Strategy Dynamics Briefing 9: Links to the ‘resource based view’ of strategy

Have you ever puzzled over academic concepts?

What does this mean? Should I be using this?

This briefing discusses some academic stuff, which is important for teachers to understand. It’s useful for professionals too, because you may come across these concepts, puzzle about what they mean, and wonder if you should be using them. I have put a few key references at the end.

In very simple terms, the academic study of strategy and performance has shifted its attention in recent decades. From the early 1980s, people focused on how ‘industry forces’ [competitors, customers, new-entrants, suppliers and substitute products and services] impacted on the profits firms in an industry could achieve and how strategy could cope with those forces.

By the 1990s, though, it looked like these issues did not explain much about why some firms perform better than others. Research identified that things about the business itself seemed to be more important, e.g. how much they spent on R&D or marketing. [Translation “You can do well in tough markets, and mess up in attractive ones!“] Further investigation suggested firms could sustain strong performance by developing ‘strategic‘ resources that others could not copy. This idea has crystallized into as the so-called ‘resource-based view‘ of strategy – affectionately known as RBV.

Since we have repeatedly talked about the principle that resources drive performance, you might think that this idea and RBV are one and the same thing – they aren’t.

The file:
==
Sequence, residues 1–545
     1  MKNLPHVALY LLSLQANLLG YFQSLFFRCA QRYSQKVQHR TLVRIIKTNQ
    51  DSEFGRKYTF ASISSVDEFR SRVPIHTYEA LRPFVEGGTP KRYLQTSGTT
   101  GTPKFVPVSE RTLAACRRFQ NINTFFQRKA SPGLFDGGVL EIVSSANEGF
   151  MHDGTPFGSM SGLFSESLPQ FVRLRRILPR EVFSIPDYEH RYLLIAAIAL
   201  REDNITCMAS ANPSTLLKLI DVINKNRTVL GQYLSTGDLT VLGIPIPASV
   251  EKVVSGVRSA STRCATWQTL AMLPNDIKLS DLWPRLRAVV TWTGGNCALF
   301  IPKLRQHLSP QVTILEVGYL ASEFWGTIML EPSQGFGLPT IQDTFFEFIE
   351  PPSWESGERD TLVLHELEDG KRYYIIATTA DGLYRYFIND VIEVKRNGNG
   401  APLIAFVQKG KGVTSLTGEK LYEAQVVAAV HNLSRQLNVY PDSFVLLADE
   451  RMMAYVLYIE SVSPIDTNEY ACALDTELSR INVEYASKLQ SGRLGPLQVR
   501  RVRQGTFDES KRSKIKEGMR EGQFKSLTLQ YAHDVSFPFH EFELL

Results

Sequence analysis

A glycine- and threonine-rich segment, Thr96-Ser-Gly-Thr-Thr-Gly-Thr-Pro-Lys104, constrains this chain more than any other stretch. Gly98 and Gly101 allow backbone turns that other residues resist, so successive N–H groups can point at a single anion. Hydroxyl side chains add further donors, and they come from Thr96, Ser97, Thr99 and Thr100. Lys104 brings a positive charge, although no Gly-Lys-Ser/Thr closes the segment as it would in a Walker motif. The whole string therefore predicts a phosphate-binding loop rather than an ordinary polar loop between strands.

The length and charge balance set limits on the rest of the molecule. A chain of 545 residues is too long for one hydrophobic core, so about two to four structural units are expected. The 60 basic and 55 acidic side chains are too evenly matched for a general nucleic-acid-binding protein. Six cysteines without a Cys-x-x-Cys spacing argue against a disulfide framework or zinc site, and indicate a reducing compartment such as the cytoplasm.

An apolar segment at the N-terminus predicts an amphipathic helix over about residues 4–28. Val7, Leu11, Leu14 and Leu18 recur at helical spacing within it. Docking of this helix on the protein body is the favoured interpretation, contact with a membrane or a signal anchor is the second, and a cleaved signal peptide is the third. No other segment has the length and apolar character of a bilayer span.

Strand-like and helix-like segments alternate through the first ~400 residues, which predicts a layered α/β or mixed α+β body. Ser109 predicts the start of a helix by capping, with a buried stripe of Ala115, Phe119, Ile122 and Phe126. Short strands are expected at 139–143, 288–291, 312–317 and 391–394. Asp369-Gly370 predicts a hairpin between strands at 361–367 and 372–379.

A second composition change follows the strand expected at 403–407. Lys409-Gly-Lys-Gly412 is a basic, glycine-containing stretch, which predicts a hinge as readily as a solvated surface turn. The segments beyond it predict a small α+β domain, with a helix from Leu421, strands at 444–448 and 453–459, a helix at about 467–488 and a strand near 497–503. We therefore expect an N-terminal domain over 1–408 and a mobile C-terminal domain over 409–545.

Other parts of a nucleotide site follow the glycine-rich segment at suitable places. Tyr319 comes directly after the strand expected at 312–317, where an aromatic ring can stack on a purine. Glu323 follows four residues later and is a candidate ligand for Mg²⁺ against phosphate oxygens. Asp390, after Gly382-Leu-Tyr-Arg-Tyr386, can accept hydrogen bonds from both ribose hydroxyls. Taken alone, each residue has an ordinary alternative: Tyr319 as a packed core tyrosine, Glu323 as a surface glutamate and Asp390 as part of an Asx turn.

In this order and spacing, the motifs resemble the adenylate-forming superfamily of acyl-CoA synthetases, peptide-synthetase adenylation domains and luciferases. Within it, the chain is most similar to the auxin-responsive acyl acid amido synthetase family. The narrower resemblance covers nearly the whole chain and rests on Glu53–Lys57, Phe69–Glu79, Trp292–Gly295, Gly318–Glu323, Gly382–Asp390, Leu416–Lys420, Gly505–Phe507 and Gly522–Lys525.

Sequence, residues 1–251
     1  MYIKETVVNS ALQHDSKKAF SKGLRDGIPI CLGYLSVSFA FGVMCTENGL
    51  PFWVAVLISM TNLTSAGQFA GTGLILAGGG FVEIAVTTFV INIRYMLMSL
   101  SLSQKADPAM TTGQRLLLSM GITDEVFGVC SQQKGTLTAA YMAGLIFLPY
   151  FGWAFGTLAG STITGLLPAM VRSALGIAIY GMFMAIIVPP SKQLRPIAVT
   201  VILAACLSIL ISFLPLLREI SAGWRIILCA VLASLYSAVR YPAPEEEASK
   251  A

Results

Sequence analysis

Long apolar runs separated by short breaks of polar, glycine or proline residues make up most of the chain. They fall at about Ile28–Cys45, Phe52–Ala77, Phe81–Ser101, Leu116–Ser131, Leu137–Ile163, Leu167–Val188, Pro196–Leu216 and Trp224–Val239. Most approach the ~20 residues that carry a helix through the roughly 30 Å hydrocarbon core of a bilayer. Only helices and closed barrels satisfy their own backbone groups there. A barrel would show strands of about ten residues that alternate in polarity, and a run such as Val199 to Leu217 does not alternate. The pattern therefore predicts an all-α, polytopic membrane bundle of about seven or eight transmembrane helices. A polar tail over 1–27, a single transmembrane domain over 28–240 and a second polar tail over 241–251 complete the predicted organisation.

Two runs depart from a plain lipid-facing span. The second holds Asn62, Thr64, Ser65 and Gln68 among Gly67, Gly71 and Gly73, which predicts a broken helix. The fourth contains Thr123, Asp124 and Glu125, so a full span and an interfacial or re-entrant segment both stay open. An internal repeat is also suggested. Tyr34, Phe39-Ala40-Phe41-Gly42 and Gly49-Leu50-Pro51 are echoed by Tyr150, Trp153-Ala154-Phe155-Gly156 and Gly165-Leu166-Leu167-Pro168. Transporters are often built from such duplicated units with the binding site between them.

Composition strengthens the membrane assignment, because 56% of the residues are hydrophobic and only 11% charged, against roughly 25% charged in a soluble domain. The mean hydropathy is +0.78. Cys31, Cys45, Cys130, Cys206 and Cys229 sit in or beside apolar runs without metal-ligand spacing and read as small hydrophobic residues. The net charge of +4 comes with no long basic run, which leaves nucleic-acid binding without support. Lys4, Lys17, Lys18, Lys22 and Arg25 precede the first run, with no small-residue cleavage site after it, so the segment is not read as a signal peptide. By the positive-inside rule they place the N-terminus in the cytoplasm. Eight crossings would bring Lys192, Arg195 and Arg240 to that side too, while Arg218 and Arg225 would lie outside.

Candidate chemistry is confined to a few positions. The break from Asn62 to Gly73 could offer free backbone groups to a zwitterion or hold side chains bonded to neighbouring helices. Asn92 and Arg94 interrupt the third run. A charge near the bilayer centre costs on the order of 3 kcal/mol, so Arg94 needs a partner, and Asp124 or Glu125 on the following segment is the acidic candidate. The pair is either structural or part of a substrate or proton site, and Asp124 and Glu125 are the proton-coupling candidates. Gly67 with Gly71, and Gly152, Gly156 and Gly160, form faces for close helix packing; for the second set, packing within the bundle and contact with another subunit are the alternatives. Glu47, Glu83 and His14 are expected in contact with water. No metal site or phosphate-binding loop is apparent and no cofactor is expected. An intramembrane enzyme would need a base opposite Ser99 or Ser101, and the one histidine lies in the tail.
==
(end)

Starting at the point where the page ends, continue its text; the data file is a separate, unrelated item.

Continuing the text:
An accepted definition of RBV resources is

…all assets, capabilities, competencies, organizational processes, firm attributes, information, knowledge, and so forth that are controlled by a firm and that enable the firm to conceive of and implement strategies designed to improve its efficiency and effectiveness.

Management often blames any shortfall in performance on “inadequate resources“, so it may seem self-evident that resources are important, but RBV claims that only certain special items matter. Since many resources are easy to get – cash can be borrowed, production capacity can be bought, staff can be hired – any firm that gets behind on such things simply copies what its competitors have. [Yes I know, if the academics think it’s so easy, they should go try it!] So the RBV asserts that any resource can only give sustained advantage if it is valuable, rare, hard to imitate, and works with other organizational factors – the so-called “VRIO criteria.”

To see if any resource will give you a competitive edge, RBV recommends you ask the following questions:

  • Is it durable? A resource that deteriorates or becomes obsolete quickly is not likely to provide sustainable advantage, e.g. production equipment wears out, and staff skills get out of date.
  • Is it mobile or tradeable? Many resources are easily bought or taken from other firms. Equipment suppliers may sell the latest technology to your rivals as well as yourselves, customer lists can be purchased, and staff can be attracted by better salaries.
  • Is it easy to copy? Many resources can be easily copied by rivals, so these too offer little scope for competitive advantage. You might launch a great new product but if it is easily copied the benefit will be short lived.
  • Can the resource be substituted? Even if you cannot buy or copy your competitors? resources, you may still be able to challenge them by using something else. A common example is firms who can?t persuade retailers to sell their products can use telephone or Web sales channels instead.

So what kinds of things fulfil these criteria? – certainly not the simple tangible factors discussed in earlier briefings. RBV focuses instead on more subtle and complex things, especially intangible resources, e.g. reputation or staff morale, capabilities (or competences), knowledge and processes. We will get to those later in the strategy dynamics story, but earlier briefings explained how performance depends directly and unavoidably on resources that do not fulfil those criteria? e.g. customers drive revenue, staff and capacity drive costs. The abstract intangible factors of the RBV are important, of course, but they can only affect performance by influencing the simple, tangible resources at the core of the business system.